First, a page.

Asking you to enter a security code is probably better than saying, “We want to get more information about you to sell to marketers so we won’t let you access your e-mail unless you give us a mobile number or another e-mail.”

    Just like a message saying “Please wait while we verify your security credentials” is better than saying “We don’t plan on spending more money to improve our login times”.

  21. 21 21 TimC

    Are you quite sure you literally got to type in the alternative email? I only ask because I got the same message today when signing into my outlook.com account, but I didn’t get to choose; the email and phone number were simply preselected choices (preslected by me some time ago).

  22. 22 22 Advo

    @Damien:
    The question is – why would I want to type in the name of an app rather than just clicking it? Why should I have to learn hotkeys?
    I am sure that if you learn how the unintuitive Windows 8 GUI works, you can become as productive using it as you are with the familiar Windows 7 GUI.
    But what the hell for? Why would I want to invest the time and effort? Why would a corporation want to incur the expense?
    And then there are the many little things that are just bad. Try backing up your system partition. Use the search function. Try “backup”. Doesn’t get you anything. Try “system image”. Nothing. The term you have to search for is “Windows 7 file recovery”. In Windows 8. That’s just hilarious. And symptomatic. Aside from the fact that it’s stupid having to learn how to use a new OS-GUI which offers no advantages over the old one, Windows 8 is HARD to learn by just using it, because much of it is so unintuitive. That’s the very definition of a bad GUI.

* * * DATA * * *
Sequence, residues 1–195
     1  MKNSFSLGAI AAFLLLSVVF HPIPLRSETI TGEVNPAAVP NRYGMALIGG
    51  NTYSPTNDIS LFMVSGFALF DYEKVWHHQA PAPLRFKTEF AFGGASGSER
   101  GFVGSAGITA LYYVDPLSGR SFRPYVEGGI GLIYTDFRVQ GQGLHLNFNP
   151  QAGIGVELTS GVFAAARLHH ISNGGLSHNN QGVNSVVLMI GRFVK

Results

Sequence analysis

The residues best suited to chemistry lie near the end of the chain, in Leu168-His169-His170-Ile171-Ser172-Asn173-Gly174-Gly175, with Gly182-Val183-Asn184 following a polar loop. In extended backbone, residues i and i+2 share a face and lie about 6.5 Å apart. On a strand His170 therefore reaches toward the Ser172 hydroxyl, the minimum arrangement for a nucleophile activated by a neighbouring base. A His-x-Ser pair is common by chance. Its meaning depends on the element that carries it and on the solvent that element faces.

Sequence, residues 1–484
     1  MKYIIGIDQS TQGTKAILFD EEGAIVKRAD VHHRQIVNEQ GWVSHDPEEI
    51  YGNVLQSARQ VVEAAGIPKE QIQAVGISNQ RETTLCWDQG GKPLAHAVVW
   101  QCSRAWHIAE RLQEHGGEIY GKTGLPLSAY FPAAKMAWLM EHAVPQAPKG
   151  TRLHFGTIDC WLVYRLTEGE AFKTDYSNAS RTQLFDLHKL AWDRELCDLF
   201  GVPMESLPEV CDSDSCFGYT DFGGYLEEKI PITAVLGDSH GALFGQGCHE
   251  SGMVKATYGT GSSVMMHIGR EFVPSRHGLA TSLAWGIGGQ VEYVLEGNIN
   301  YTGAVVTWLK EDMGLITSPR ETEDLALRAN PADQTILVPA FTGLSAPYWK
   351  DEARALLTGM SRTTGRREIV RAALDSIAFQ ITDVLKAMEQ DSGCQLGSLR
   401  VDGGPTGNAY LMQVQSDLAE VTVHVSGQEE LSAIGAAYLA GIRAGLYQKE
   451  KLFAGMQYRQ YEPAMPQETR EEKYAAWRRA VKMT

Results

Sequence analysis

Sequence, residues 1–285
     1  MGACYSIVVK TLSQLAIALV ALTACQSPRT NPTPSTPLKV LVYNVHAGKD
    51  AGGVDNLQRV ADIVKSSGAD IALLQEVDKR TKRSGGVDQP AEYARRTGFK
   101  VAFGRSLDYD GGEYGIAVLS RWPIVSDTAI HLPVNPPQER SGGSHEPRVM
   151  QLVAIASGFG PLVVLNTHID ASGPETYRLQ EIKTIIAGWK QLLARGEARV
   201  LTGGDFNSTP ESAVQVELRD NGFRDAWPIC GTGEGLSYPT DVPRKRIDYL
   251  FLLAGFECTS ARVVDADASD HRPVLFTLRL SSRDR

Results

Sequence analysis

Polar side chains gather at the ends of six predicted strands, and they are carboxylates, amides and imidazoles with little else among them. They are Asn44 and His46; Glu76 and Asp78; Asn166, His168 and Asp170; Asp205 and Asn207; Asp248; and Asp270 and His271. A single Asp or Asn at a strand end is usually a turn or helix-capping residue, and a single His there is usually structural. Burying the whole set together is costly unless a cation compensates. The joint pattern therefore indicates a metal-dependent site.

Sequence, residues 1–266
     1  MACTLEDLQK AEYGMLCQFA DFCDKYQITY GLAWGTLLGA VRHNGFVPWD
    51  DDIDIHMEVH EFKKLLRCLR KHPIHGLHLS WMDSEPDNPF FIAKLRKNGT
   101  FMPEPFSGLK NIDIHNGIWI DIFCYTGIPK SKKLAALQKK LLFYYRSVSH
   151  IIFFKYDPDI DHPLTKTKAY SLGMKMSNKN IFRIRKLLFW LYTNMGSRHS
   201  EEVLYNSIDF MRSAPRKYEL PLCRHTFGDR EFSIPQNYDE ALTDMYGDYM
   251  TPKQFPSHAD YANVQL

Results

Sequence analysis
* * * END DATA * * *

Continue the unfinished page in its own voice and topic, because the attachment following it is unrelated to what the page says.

23. 23 23 Advo

    @Steve Landsburg:
    I believe the way it works is that from now on, if you or someone else tries to log into your Hotmail account from A DIFFERENT DEVICE (a PC or a Smartphone), a confirmation code will be sent to the alternative email account and/or your phone.
    So the additional security is for future attempts at stealing your account. Personally, I prefer GMAIL’s approach which only uses a phone number and not a second email account which can be easily compromised if a hacker has a keylogger installed on your computer. So it is stupid, just not quite as stupid as it appears at first glance.

  24. 24 24 Michael Stack

    I know others have said as much above, but this security code was not designed to protect against the current login – rather, it is designed to prevent future malfeasance. It also assists with password recovery in the future.

  25. 25 25 David Wallin

    I suggest the following. This was not a security issue; they wanted an alternate location for you. I remember some email provider wanting something like that from me once. If they simply asked for the alternate address, you could have entered the location wrong or just a fictitious one. This mechanism guaranteed you had to enter a valid alternate address.